In yet another story that combines the Gay Uncle’s dual interests in children and automobiles (remember, he’s also the author of Stick Shift, Vanity Fair’s weekly online car column), Gunc has recently discovered that the best-selling car this past year was not one produced by the Big 3 (a.k.a. the Big 1 + Big Bankrupt 2). Neither was it a Japanese model, or one from some upstart automotive country like Korea. Nope. Rather the top selling car was this awesome, sporty, red two-door, the Little Tykes Cozy Coupe. It’s been a rough year for the auto industry, but this must be some devastating news, even for them. No less so because as they try to innovate and match the changing tastes of the fickle American consumer, the Cozy Coupe has been virtually unchanged since it was brought out over thirty years ago. No airbags. No side-impact beams. No emission controls. No brakes. (Unless you count junior’s footsies, which power and stop the car, Flintstone-style.) Moreover, guess what? The dumpy little piece of plastic is manufactured right here in the United States, employing our local laborers and poisoning our local streams with its effluents, instead of killing some poor Chinese kids. Go America! We’re still tops in something. Gunc is uncertain if the Obama administrations new “Cash for Clunkers” law will pertain to this vehicle, so he’s not certain you can get some incentive to purchase a new one. And it might not work out so well for your commuter duties, unless you’ve recently been laid off and don’t have anywhere to be. But he feels that you could do worse than stimulate the economy by running out and buying one for the kids. So long as your house is not at the top of a steep hill.
According to a piece the Gay Uncle just read in the New York Times, our nation’s pediatricians are recommending (through their affinity organization the American Academy of Pediatrics) that doctors and schools get involved in helping to prevent bullying. They’re pushing a protocol that has been developed and proven to work throughout Scandanavia, one that focuses on activating the perception of bullying as a problem that affects everyone, and thus requires everyone’s participation in order to solve–not just the bullyer and bullyee, but also the “bystanders”. Gunc applauds this. When he began running his school fifteen-plus years ago, he implemented a policy that required all kids to be aware, and mandated reporters, of incidents of exclusion and cruelty, and had his staff involved in providing not only remedies for these transgressions, but also guided suggestions as to how the problem could be solved differently in the future. In other words, a three-phase process that included: 1) A clear policy that provided a role for all members 2) Recourse for when issues arose and 3) Constructive discussions and modeling to help all members through their like problems in future situations.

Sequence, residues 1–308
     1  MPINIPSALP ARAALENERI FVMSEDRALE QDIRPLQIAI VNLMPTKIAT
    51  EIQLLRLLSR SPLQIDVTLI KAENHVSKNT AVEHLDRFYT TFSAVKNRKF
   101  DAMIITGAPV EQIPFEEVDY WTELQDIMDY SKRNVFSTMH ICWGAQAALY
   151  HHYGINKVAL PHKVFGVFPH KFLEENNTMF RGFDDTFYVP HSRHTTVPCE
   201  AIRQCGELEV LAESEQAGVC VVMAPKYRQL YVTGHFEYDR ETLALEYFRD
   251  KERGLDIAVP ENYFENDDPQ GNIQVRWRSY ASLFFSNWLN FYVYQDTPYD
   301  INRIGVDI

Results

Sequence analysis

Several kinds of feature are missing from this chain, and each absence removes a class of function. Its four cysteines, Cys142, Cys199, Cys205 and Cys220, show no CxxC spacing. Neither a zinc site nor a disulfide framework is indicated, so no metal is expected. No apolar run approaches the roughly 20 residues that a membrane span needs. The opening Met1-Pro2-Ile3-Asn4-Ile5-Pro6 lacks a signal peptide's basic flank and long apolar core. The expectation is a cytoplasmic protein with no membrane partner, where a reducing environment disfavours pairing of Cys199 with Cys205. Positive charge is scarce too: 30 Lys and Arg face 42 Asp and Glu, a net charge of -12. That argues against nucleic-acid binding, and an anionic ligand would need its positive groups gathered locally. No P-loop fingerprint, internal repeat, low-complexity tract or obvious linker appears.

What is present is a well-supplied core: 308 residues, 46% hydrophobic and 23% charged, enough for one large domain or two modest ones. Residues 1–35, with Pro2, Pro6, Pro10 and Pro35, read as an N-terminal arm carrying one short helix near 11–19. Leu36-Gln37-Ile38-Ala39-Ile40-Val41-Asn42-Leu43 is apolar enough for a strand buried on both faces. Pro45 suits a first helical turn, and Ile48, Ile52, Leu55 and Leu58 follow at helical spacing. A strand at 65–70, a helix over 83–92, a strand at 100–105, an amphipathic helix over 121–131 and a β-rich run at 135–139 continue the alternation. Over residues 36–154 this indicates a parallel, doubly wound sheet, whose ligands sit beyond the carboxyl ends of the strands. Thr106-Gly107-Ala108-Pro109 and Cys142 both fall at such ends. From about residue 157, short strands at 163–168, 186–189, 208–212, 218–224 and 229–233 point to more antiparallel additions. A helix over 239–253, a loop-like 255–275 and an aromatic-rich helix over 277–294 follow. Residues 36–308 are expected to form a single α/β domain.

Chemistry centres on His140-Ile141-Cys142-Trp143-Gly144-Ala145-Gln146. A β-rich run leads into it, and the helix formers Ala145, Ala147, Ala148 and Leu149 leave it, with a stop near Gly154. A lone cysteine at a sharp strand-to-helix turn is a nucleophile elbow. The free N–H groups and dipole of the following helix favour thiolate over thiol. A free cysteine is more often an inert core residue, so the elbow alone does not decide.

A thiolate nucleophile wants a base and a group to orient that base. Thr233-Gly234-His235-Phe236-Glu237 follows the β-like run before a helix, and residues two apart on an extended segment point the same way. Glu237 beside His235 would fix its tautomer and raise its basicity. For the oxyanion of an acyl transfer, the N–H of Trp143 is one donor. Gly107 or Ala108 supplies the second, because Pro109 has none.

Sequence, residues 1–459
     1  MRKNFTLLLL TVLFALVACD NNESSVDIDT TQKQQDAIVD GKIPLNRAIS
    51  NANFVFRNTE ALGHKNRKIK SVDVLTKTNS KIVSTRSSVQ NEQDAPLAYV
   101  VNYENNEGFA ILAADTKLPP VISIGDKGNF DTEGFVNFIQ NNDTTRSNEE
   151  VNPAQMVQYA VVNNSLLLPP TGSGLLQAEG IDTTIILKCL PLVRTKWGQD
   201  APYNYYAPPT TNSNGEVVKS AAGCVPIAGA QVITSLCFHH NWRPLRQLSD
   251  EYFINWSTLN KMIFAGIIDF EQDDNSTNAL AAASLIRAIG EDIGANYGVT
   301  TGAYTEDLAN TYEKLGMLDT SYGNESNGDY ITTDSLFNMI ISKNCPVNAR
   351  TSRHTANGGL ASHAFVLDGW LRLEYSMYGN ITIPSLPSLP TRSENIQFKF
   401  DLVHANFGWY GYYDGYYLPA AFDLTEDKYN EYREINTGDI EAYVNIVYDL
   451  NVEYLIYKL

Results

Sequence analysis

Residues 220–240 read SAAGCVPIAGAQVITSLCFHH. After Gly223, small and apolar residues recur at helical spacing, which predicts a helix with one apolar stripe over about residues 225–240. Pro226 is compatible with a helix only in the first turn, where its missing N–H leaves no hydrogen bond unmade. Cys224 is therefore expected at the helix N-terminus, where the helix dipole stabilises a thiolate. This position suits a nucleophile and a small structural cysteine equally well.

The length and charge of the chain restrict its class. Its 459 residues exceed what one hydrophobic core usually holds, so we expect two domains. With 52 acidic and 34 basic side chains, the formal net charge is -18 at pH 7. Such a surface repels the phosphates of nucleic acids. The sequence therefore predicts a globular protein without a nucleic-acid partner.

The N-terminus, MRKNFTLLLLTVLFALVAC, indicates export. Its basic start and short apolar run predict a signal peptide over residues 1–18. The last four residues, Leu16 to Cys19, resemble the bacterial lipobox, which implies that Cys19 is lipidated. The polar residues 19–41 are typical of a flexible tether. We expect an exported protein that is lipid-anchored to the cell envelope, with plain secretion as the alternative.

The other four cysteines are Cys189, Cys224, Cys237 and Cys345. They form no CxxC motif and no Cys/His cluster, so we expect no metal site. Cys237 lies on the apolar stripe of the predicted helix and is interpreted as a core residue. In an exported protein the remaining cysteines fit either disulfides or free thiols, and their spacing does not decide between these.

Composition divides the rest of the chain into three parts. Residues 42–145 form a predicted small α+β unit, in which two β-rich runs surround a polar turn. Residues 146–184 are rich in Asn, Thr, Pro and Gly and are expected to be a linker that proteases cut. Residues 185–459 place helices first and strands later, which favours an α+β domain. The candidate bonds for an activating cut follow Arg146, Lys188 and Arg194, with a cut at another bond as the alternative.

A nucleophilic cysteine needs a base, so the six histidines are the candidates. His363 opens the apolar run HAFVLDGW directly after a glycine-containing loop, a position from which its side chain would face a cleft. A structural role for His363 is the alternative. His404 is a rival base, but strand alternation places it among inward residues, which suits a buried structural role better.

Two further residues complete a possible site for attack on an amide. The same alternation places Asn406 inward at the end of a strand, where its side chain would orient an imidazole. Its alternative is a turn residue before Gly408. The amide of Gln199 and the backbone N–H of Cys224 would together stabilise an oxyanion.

Sadly, it seems the AAP’s recommendations–like most policies in this country–are REactive instead of PROactive, and where they’re not, they tend to focus almost solely on rescuing the “victim” of the situation, and make no recommendations for how to help the “perpetrator”. (Sort of like how we handle incarceration.) The Gay Uncle is hardly a forgiving person at heart, but he understands that young kids not only need lots of chances in order to understand, incorporate, integrate, and synthesize new rules, they also need to be repeatedly absolved of their minor sins (and even, sometimes, some of their seemingly major ones) and given additional opportunities to practice things the right way if we want them to grow up into reasonable humans. Which, he thinks, is kind of the long-term point of childhood. A zero tolerance approach to bullying is a compelling goal. But in attempting to achieve it, the G.U. believes in being much more tolerant, and in providing skills to everyone involved. Kids grow up to be much more understanding and forgiving if they’re understood and forgiven. This goes for bullied and bullier and bystander alike.
Some readers took issue with Gunc’s recent suggestion that parents take some time out to balance their micro-managing and hovering with some “me time” (and by me, he doesn’t mean the G.U.; he means YOU.) So he thought he would provide further explanation of why this is important.
While it is against the law in many states to leave a child under eleven alone, it is truly criminal for you to wait until they’re that old to take some time for yourself. There is no way that you can perform optimally at any job without breaks–let alone a job that runs 24/7 for your entire life. Being a parent shouldn’t be seen as a selfless act of martyrdom any more than not having a child should be construed as selfish. It’s a decision. And like any decision, you should be allowed to react to, resent, or regret it, so long as you don’t do it too often (boring), with too much vehemence (dramatic), or in front of your kid (cruel and borderline abusive). Taking time out from parenting–alone, with friends, at a government bunker–keeps you in touch with yourself. Without this outlet, you are likely to derive you notions of self-worth solely from your child. They cant, and shouldn’t, be the only source to deliver this to you.